After reading through my blog the last week I thought I’d try something different as opposed to the usual photo layout.
Travelling to Farmoor Saturday morning the temperature gauge was hitting -10! At first, we were pretty reluctant to get out of the car for breakfast, but as we got closer to the lake the temperature rose and was near enough bearable – still below O though.
As the sun was rising above the tree line we were making our way out of the lodge searching for the best area to occupy us for the first few hours. The sun had yet to rise above the lip of the lake, it was -4 tackling up with a meter or more of ice around the edge making the first few cast difficult.
I tackled up with my preferred set up for bank fishing, an Airflo Airlite Nano Comp special fly rod and a Di8 shooting head. It was obvious the fish would be deep so there would be no compromise! Setting up a short leader of just 12 feet, I had 5 feet to my first fly, A Strangled Cat and a Fenton Cat on the point.
Usually the first cast is short, just to take any unwary fish by surprise then lengthen the casts there after. But as the temperature was so low, water so clear and half the lake icebound I made the first cast a long ‘un to get the depth and location right first. At first it was flat calm, but then a sharp left to right breeze picked up and it was bitter, the kind that makes you want to pack up and go with the wind on your back so you can hide behind the wall. But we stuck it out, albeit with a few less casts not to get the fingertips wet!
Jonathan hooked into the first fish after just 10 minutes of fishing, only to loose it as the first rose in the water columns. A few cast later another lost fish! Jonathan had it right but being primarily a river fisherman he couldn’t stop hitting the fish at first contact, he soon got the hang of it and let the fish actually eat the fly by slowing his retrieve down and waiting for the initial solid hold.
Anglers were moving around the lake looking for that quick fix hoping to land on a few lucky fish, although it wasn’t that sort of day. Perseverance was key, the water temp had dropped dramatically and the fish had seemed to sulk, not wanting to move far from their station. My plan as I described to Jon was, long casting and slow retrieves hopefully giving the fish a chance to ‘mosey’ around and pick up the fly. Fishing slow with long casts allows your flies and fly line to sink deep hugging the bottom presenting the flies in the fishes feeding zone. My theory was that the slower I fish the longer my flies are in the feeding zone and the more chance I have of fish intercepting the flies.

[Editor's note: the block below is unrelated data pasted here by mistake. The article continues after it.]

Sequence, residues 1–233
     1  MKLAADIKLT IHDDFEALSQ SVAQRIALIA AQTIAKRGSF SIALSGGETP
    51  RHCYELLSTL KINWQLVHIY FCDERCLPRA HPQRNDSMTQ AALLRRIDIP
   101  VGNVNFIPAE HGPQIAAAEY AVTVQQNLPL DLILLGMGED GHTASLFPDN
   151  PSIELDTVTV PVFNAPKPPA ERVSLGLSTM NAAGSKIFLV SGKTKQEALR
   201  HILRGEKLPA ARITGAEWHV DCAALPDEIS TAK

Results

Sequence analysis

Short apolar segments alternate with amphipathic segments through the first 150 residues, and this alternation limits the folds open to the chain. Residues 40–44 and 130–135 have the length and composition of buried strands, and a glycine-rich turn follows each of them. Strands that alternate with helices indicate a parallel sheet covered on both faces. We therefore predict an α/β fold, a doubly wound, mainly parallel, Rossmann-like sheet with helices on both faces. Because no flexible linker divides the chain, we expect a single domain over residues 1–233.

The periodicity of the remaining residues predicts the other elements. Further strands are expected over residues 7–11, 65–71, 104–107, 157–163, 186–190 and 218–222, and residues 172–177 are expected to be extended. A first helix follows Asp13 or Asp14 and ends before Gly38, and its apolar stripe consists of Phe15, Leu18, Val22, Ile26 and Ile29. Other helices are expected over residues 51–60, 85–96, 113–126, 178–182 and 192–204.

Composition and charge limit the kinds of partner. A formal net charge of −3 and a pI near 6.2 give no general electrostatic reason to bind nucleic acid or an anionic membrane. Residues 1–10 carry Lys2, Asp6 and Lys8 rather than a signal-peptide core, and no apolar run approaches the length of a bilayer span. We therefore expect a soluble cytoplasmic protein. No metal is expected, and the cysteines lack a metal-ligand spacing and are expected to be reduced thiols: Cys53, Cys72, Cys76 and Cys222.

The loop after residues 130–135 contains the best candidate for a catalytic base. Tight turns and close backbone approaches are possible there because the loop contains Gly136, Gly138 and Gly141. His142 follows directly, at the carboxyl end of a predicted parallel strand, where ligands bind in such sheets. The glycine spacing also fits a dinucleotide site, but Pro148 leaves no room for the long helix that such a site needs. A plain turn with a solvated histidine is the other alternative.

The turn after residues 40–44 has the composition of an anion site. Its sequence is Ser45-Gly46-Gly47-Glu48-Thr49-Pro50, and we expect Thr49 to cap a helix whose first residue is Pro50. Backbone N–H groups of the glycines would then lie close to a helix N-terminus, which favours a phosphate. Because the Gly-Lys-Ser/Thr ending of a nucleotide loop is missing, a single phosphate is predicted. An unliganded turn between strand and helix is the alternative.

The flat calm was making things hard, the lack of wind meant casting was compromised and the fish were finicky. The lack of wind meant there was no/little undertow, the fish and flies had nothing to compete against meaning the fish could easily just ‘nip’ the tail or body of the fly. If the undertow was stronger the fish would be moving whilst taking the fly, competing against the undertow which should lead to better hook ups. These takes are normally described as ‘screamers’ as the fish hits the fly so hard it pulls the line out of your hand or stops dead on your retrieve. But today the takes were more finicky, if you’d missed the first take there wasn’t much luck that it would come back and re-take the fly. Throughout the day I think we must have missed twice as many as we landed, although this could have been down to user error I set about looking at different retrieves to entice the fish back. The best I found was ‘Slow figure of eight until you feel the take then jig the rod putting a small kick into the fly and pulls it down an inch or two, a fast figure of eight thereafter retrieves the slack line. After the initial ‘jig’ the fly will rise in the water column in front of the fish and this normally results in another take, or a hookup.
Check out the video below of my preferred retrieve. Hopefully you guys will enjoy the video – I thought it would be something new and different. What do you think?
Another showing the Jig from another angle